Closing the gender pay gap could boost UK economy by £85bn
PwC’s annual Women in Work index urges businesses to offer greater support to returning mothers and more opportunities for flexible working
If the UK’s businesses take action to close the gender pay gap they would increase female earnings by as much as £85bn, according to the PwC’s annual Women in Work index.
This figure has already risen by £5bn since last year’s analysis, with a stubborn 17% difference still existing between male and female wages – slightly higher than the global average of 16%.
PWC reports that one of the main factors behind this pay gap, accounting for 33%, is that women tend to spend more time out of work caring for children and family than their male counterpars. As a result, women are more likely to work in lower-paying positions and occupations that offer greater flexibility.
On the back of the report, policymakers and businesses are advised to do more to get support women in the workplace and in higher-paying positions.
How does the UK compare in the world rankings for equal pay?
The UK has risen slightly from 14th to 13th position in the world rankings, with Nordic countries Iceland, Sweden and Norway making up the top three.
While in the year 2000, the UK ranked at around average on the index – it fares well against comparable countries such as France (17), Germany (19) and the US (20).
If the UK were to increase female employment rates to those of Sweden, the report estimates an additional 9.1% rise in GDP could be created, equating to £170bn.
Financial services: the worst offender for pay equality in the UK
Despite being one of the most important industries in the UK and Ireland, the financial services sector ranked worst for pay equality at 34%. It was followed by energy and utilities (26%) and manufacturing (24%).
Admin and support services had the smallest pay gap (12%), with public administration (15%) and education (15%) ranked in joint second and health & social care in third.
With a host of young start-ups continuing to disrupt financial services, the report has cited that the sector has an opportunity – and a responsibility – to improve pay parity and forge a path for other industries to follow by example. While the sector may demand more regimented working hours, more could be done to support flexible and part-time working at senior levels and help women return to the workforce more effectively…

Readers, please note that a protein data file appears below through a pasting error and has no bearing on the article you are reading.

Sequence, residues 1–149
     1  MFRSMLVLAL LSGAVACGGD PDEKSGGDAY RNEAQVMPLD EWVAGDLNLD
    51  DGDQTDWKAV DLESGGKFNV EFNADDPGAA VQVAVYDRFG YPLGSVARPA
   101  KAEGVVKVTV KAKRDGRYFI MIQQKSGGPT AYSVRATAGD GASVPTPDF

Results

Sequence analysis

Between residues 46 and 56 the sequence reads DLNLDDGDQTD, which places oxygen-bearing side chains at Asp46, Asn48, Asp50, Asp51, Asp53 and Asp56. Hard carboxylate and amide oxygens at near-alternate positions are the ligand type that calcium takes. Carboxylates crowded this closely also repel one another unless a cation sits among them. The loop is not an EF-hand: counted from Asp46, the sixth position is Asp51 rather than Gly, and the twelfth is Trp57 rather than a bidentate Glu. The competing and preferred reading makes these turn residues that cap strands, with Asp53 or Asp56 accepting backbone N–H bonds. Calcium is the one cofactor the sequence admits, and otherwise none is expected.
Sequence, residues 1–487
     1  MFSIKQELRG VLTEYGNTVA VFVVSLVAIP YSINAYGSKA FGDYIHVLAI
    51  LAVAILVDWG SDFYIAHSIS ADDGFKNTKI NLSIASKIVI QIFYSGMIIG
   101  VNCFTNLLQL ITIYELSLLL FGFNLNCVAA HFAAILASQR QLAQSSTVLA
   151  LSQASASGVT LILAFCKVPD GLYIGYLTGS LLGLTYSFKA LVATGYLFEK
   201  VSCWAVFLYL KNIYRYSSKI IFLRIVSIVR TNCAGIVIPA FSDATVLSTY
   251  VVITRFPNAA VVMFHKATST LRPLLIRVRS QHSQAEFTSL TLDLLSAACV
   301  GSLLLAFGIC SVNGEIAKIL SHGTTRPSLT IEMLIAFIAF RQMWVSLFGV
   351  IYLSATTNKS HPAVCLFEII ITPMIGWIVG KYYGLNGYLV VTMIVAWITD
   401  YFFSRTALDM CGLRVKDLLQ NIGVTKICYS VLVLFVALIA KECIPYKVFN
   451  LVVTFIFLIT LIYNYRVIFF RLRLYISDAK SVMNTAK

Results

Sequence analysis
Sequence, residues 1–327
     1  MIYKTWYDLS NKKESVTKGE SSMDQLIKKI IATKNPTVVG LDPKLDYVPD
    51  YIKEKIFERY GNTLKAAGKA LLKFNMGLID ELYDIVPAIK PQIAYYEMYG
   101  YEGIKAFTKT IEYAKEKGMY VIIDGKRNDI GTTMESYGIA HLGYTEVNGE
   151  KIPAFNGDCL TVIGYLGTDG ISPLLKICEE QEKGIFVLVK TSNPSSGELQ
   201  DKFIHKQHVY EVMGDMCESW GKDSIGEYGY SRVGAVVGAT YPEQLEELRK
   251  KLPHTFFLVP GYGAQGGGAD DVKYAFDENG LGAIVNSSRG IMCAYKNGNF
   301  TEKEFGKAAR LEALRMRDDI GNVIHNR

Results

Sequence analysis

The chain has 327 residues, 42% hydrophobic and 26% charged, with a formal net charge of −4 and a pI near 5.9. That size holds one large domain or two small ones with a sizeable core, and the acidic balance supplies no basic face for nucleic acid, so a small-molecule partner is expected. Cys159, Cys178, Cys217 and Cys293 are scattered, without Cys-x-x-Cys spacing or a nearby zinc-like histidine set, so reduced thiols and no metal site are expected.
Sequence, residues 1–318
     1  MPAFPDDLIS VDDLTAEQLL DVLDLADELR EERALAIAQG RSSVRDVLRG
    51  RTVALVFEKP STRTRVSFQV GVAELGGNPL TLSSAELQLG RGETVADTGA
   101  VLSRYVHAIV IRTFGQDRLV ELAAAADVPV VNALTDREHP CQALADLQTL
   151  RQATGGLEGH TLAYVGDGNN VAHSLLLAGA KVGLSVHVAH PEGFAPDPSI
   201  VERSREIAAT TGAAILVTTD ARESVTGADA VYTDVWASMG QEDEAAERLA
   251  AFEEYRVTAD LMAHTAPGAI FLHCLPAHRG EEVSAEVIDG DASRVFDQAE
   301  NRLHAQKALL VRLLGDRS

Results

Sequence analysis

There’s more work to be done
The Women in Work index claims that, at current rates of progress, it would take a staggering 95 years to close the pay gap globally while for the UK it would take another 24 years. This means gender pay equality wouldn’t be achieved until 2040 – there’s clearly still a lot to be done.
Read more on this here: Why it’s time to stop talking about gender diversity in tech – and ACT!
What can businesses do?
The report suggests that the pay gap is symptomatic of skills shortages faced by businesses and a lack of diversity in leadership roles.
There are a number of actions businesses could take to improve the gender pay gap – and in doing so they could help themselves.
Businesses that work to address gender inequality in the workplace could create a deeper and more diverse pool of talent to draw from, improve employee retention and engagement.
The key actions that businesses could take, as advised by PWC, are:
- Supporting women returning to work after having children – businesses need to address recruitment biases to ensure women can return to positions that reflect their skill level through return to work programmes
- Supporting women’s career advancement – organisational culture and performance review processes could be implemented to recognise the skills of female employees on performance instead of hours worked
- Providing greater opportunities for flexible and part-time working – providing greater autonomy for female workers to choose their hours and where they work can prevent occupational downgrading and help women with families continue their careers
Last year Startups.co.uk shone a light on the inspirational female founders behind some of the UK’s most exciting early-stage businesses by profiling some of the female entrepreneurs killing it in the UK start-up scene.
Debbie Wosskow OBE, CEO of Love Home Swap and co-founder of AllBright, has commented on closing the gender pay gap in the UK:
“Now is a great time to be a woman in business in the UK. Whether that is a woman working in a corporate company or a woman running her own business, it is clear that there is opportunity all around us.
“But, unfortunately, there is still a long way to go to truly level the playing field and close the gender pay gap for women in employment or close the funding gap that exists for female founders.
“One of the ways to bridge these gaps quickly is to make sure that supporting services are more accessible than ever to women. Support means different things to different people so there is a job to be done here to ensure that the women are able to find and get the right type of support – there needs to be sign posts to help with everything from mentoring, to finance, to help with how to work flexibly for those that need it.”